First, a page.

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The Balkan Hills (third part)

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  • The Balkan Hills (third part)

    This is one of those tunes I've played for years having osmoted it rather than learnt it, so it's taken me until now to realise there are two completely different third parts floating around.

    Although not much seems to be known about it, or the composer, a J Gillan, I understand it's a WWI composition connected to the ill-fated Gallipoli campaign, and as far as I know it was first published in a fairly obscure collection by Willie Gray and John Seton in 1922 (without attribution). I don't have access to that one, and the next publication of the tune seems to have been in the early fifties. The Scots Guards has a third part going down to a taorluath on low A, and the Master Method by James Robertson and D.S. Ramsey [was this the pipe-maker Robertson or 'the Creeks' Robertson?] has a part going from an anacrusis A to a D, a big difference. This last is what I play, and what I've always heard dance bands play.

    The only other evidence to hand is the Standard Settings of the Queen's Own Highlanders, who list Gillan as a Cameron, and give the third part as per the Scots Guards.

    So where did the difference come from? Who's 'right'?
    http://www.callingthetune.co.uk
    -- Formerly known as CalumII

  • #2
    Originally posted by Calum View Post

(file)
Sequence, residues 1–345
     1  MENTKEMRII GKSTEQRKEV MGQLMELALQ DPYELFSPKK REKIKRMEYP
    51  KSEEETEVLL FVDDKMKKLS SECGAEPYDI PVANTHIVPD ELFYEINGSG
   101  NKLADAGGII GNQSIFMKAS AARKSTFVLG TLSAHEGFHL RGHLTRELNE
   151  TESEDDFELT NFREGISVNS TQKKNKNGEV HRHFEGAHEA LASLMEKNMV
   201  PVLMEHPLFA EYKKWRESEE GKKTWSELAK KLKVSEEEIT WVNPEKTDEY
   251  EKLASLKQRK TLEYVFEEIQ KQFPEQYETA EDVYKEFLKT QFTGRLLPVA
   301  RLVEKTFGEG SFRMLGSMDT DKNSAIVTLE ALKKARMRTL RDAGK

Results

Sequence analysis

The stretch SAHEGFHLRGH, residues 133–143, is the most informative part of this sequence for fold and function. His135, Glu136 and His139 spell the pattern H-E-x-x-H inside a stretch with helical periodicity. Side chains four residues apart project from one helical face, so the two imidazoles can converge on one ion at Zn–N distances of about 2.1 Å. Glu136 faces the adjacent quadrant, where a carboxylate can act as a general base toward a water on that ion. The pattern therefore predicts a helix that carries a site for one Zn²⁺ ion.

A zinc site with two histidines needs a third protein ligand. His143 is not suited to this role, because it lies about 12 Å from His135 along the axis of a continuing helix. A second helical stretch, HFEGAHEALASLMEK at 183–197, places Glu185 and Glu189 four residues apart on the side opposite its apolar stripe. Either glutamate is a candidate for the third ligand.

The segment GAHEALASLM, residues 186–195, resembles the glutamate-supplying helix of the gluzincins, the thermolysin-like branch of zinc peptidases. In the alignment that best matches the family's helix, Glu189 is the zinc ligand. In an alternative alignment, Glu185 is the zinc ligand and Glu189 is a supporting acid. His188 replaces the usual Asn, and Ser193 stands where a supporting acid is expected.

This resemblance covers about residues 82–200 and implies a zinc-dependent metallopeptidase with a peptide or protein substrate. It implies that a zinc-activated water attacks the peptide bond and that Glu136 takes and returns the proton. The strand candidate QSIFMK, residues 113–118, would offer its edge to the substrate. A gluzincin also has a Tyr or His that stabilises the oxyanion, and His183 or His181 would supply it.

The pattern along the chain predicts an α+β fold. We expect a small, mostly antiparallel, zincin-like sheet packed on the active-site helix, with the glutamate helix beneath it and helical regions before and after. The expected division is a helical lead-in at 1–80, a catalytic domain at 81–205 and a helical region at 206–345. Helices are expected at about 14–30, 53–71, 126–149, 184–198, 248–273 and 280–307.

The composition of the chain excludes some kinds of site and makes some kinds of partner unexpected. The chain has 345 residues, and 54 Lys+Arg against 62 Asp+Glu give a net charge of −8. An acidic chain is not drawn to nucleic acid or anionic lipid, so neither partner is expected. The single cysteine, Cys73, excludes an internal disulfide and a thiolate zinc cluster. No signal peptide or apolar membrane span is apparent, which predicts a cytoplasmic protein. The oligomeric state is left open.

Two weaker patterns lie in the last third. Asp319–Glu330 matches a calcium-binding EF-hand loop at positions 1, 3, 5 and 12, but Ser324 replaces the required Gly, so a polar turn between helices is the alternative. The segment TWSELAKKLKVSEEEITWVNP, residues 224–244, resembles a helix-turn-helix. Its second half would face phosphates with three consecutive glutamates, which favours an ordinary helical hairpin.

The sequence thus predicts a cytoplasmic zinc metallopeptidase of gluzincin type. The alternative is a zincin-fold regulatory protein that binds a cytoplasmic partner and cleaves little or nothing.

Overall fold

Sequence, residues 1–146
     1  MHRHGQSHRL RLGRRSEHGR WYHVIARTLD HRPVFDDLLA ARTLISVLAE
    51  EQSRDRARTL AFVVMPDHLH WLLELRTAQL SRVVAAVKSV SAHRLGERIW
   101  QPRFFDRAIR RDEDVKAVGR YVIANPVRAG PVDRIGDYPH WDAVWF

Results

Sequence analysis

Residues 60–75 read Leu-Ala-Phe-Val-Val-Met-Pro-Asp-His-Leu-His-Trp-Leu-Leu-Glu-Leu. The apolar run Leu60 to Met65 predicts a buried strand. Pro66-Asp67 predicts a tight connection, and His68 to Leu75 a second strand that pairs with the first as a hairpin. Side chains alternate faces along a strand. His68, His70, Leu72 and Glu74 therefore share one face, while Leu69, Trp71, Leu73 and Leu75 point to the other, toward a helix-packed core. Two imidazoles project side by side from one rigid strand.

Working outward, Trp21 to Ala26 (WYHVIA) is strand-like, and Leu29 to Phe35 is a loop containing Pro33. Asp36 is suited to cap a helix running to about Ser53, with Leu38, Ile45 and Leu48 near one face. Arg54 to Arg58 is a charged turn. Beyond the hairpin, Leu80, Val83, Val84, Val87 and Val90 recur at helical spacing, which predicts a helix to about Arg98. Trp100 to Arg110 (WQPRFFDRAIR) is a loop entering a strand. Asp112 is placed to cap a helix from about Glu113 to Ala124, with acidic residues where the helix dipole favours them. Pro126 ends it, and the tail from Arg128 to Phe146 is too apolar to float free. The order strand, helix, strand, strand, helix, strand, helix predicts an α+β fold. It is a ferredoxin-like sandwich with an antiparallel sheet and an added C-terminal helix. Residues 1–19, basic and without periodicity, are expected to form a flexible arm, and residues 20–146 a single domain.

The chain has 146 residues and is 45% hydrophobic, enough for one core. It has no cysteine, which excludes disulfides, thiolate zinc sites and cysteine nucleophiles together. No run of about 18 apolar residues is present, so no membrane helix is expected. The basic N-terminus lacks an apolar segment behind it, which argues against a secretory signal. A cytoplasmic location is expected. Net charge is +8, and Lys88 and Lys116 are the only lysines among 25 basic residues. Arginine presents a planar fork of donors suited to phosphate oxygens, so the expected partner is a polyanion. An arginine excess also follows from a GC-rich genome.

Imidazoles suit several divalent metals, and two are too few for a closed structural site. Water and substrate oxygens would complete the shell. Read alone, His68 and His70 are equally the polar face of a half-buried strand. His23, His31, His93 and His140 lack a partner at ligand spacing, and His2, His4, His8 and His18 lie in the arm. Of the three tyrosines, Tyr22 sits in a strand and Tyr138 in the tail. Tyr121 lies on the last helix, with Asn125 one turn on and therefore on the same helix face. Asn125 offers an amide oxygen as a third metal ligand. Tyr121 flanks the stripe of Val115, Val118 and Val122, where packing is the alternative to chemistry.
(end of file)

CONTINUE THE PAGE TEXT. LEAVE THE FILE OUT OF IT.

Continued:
Although not much seems to be known about it, or the composer, a J Gillan, I understand it's a WWI composition connected to the ill-fated Gallipoli campaign
    Salonika Campaign, not Galipoli.

    Originally posted by Calum View Post
    So where did the difference come from? Who's 'right'?
    Define ‘right’?
    In piping circles, the term ‘correct setting’ means what’s written in the Willie Ross or Scots Guards books. Anything else (including what the original composer actually wrote) is not correct. (Hence the expression “play it as it was written”, meaning “play the correct setting”)

    Given that Corporal James Gillan served with 2nd Bn QOCH - a parent regiment of the QOH, one might assume that QOH had an original score, especially given that the QOH collection contains another (otherwise unpublished) tune by him, but the army started moving to standardise settings across the regiments in the 1940s so chances are, QOH simply copied the ‘correct’ setting.

    The 1953 Master Method tutor was an update (presumably by DSR) of Robertson’s (Royal Scots/pipemaker not Gordons/FTC) 1925 rev 1945 tutor. I don’t have access to an index for that original tutor, but assuming Balkan Hills was in it then the Master Method version predates the SG one by a good few years.

    You may be surprised to learn that SG settings of tunes in all three volumes rarely follow the originals. SG settings gather grips and taorluaths the way Liberace gathered sequins.

    As an aside – there’s another much nicer 2/4 quickstep from Salonika that’s still not made it into the piping books 100 years on. Donald Mackay of Upper Barvas was dedicated to a gunner from the Ross Mountain Battery awarded the Serbian Gold Medal for Valour (think VC) during that campaign (where the Battery was posted after serving through the whole of Galipoli).

    Cheers
    Scratch

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    • #3
      Haha, yes, there was a reason I put the word right in inverted commas! There's a great line in the preface to the fifth edition - "no claim is made that the settings are the authentic ones".

      I just find it an odd change to make - I've nothing against editing tunes, quite heavily if I think it's merited, but in this case it's composing a different third part.

      That's interesting on the Master Method, I hadn't realised there was a predecessor. Cannon's bibliography says the music was completely reset for the Master Method, so we can't be completely sure. I'll see if I can find someone with a copy of Seton's book or the original tutor.